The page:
At the end of this module, you will be able to:
- Explain why a respirator medical evaluation is necessary
- Explain why a respirator fit test is necessary
- Explain the order in which the medical evaluation, the fit test, and actual respirator use on the job should occur
- Identify some medical conditions that might interfere with your use of a respirator
- Identify some conditions that might interfere with the fit of a tight-fitting respirator
- Identify some reasons why you may need to have a repeated respirator fit test
- Explain how to perform a negative-pressure daily fit test for an air-purifying respirator
- Explain how to perform a positive-pressure daily fit test for an air-purifying respirator
- Explain how to perform a positive-pressure daily fit test for an air-supplying respirator
The following key questions are answered in this module:
What is a respirator medical evaluation?
A medical evaluation determines if you are medically able to wear a respirator on the job. This is done before you wear the respirator at work.
What is a respirator fit test?
A test to determine if a respirator you'll wear at work fits you and creates a proper seal. This is done after the respirator medical evaluation but before you wear the respirator at work.
What is a daily respirator fit test?
A test performed by the worker every time he or she puts on a respirator to make sure the seal is still effective.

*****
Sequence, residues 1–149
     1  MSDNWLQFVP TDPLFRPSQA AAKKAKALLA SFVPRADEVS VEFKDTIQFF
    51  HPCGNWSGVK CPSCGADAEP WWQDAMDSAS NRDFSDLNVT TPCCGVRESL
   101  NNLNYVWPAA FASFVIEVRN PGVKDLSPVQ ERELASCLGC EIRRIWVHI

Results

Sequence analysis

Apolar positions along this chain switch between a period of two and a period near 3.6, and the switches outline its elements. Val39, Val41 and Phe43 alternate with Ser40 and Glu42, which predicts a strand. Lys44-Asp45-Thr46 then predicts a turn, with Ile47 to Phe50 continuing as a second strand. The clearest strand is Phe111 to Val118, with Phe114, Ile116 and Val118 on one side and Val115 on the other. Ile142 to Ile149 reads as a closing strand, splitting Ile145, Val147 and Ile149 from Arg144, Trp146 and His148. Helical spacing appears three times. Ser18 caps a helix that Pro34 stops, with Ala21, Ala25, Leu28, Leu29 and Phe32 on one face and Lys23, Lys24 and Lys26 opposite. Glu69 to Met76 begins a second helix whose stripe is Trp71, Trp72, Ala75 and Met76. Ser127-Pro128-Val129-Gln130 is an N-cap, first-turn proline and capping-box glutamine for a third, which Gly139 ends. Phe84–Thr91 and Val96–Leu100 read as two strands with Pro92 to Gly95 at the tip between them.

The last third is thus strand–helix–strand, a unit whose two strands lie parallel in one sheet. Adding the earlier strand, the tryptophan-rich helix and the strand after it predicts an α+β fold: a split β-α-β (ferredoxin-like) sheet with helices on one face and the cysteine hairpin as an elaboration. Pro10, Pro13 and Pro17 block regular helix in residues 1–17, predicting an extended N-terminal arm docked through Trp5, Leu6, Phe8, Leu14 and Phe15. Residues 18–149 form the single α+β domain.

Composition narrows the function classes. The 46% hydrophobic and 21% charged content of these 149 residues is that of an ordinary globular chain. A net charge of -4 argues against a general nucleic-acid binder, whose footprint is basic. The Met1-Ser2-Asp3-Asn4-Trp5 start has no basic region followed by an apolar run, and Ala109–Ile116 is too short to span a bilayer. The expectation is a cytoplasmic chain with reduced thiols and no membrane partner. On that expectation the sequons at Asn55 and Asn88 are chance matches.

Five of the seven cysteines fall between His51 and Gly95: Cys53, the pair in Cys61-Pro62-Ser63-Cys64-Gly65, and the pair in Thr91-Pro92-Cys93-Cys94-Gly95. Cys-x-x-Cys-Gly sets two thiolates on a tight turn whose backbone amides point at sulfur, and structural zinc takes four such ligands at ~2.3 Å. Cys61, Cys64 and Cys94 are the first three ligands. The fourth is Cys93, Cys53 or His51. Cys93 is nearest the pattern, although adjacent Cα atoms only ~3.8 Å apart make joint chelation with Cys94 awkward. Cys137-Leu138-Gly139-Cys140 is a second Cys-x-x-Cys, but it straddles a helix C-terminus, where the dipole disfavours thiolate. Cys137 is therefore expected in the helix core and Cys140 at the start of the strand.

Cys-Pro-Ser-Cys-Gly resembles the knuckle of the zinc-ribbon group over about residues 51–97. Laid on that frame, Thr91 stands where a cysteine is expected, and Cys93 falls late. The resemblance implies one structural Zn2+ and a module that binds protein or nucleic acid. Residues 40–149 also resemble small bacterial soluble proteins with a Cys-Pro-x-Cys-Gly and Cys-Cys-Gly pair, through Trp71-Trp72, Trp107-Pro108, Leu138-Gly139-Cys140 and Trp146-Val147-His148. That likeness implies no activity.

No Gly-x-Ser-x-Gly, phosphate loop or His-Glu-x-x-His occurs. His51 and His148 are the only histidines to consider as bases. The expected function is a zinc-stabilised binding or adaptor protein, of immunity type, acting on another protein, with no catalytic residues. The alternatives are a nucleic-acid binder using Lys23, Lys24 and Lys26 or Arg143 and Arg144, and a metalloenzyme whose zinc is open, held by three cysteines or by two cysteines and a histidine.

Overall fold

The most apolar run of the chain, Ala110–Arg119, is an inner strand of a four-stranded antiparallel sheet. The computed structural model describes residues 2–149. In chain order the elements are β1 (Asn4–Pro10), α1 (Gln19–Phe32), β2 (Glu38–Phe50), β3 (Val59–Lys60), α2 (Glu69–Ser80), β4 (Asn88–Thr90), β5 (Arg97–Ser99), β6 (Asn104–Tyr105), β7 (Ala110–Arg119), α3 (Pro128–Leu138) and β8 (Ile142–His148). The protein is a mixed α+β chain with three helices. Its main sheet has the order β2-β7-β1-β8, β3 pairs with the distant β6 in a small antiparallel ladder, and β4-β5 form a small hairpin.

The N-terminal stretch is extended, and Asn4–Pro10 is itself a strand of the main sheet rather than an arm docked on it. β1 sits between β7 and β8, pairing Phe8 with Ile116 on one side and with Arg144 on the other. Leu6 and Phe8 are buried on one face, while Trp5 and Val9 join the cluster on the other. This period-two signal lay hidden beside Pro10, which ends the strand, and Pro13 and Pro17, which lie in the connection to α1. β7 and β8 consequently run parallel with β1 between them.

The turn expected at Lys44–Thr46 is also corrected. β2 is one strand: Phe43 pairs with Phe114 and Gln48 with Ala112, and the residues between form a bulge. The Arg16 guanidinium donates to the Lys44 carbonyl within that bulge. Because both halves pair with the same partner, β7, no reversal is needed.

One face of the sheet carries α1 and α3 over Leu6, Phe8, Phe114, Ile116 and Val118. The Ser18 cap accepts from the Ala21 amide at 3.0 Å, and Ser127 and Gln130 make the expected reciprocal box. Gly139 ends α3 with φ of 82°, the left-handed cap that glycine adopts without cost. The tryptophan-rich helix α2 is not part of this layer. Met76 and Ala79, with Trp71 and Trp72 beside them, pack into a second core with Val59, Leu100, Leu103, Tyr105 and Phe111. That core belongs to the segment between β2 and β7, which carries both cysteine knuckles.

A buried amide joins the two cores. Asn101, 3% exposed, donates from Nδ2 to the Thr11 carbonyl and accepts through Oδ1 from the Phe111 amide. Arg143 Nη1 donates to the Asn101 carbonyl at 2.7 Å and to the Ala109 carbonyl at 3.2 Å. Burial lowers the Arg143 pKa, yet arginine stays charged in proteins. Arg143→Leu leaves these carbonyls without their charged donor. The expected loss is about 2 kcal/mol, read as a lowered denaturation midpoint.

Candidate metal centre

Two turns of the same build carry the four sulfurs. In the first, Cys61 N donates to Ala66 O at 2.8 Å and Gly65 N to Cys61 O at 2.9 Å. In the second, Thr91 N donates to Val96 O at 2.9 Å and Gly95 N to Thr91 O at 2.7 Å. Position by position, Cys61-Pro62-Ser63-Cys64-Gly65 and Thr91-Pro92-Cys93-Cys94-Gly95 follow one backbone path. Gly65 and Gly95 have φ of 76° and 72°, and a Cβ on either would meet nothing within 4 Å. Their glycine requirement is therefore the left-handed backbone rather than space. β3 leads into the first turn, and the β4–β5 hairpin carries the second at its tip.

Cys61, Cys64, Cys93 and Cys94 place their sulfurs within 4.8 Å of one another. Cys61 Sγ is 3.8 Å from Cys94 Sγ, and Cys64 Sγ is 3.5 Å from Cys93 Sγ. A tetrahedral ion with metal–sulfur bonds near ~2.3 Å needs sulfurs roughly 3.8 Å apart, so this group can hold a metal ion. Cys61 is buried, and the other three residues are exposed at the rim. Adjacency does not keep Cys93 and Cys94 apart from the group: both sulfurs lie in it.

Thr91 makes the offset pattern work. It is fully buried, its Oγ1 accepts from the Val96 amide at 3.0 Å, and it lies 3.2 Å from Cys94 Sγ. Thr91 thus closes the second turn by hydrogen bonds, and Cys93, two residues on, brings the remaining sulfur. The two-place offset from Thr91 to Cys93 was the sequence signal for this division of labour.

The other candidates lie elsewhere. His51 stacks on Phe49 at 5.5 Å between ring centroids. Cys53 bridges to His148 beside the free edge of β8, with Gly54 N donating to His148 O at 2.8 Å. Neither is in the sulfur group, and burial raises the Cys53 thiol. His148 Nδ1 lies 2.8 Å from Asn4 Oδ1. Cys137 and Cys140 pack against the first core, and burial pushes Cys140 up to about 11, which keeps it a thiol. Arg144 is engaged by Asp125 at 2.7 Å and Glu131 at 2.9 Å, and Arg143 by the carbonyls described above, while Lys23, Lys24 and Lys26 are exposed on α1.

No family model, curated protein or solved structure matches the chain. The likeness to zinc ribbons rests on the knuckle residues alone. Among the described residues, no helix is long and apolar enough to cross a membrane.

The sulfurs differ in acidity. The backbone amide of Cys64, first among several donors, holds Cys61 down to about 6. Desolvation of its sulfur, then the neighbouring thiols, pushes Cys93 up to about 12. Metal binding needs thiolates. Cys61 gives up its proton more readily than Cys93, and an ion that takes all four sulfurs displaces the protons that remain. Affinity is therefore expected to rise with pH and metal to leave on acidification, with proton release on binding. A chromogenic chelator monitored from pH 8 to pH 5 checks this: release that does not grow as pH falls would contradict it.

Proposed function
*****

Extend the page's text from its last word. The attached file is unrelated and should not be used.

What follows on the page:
Does one medical evaluation cover all respirators?
No, a worker will have to get a medical evaluation for each respirator he or she might wear.
Does a fit test cover all respirators?
No, a worker will have to complete a fit test for all respirators he or she must wear.
Below is a transcript of the video sample provided for this module:
If you're assigned a task at work that requires you to wear a respirator, you must first take a medical evaluation to make sure you're physically able to wear a respirator that protects you from the specific hazards you'll face on the job. Your employer should set up and pay for the evaluation. Any information you provide during your medical evaluation should be kept private. This medical evaluation must happen before you receive a fit test for the respirator and before you wear the respirator on the job. If you're later assigned a different task that requires the use of a different type of respirator, you'll have to undergo another medical evaluation for that respirator as well.
Use the additional resources and links below to learn more about this topic:
- Occupational Safety and Health Administration (OSHA) – www.osha.gov
- OSHA Safety and Health Topics - https://www.osha.gov/SLTC/respiratoryprotection/index.html
- Mine Safety and Health Administration – www.msha.gov
- MSHA Black Lung - http://www.msha.gov/endblacklung/
- MSHA Silicosis Prevention - http://www.msha.gov/S&HINFO/SILICO/SILICO.HTM
- National Institute for Occupational Safety and Health (NIOSH) – www.cdc.gove/niosh/
- CDC/NIOSH Respirators - http://www.cdc.gov/niosh/topics/respirators/default.html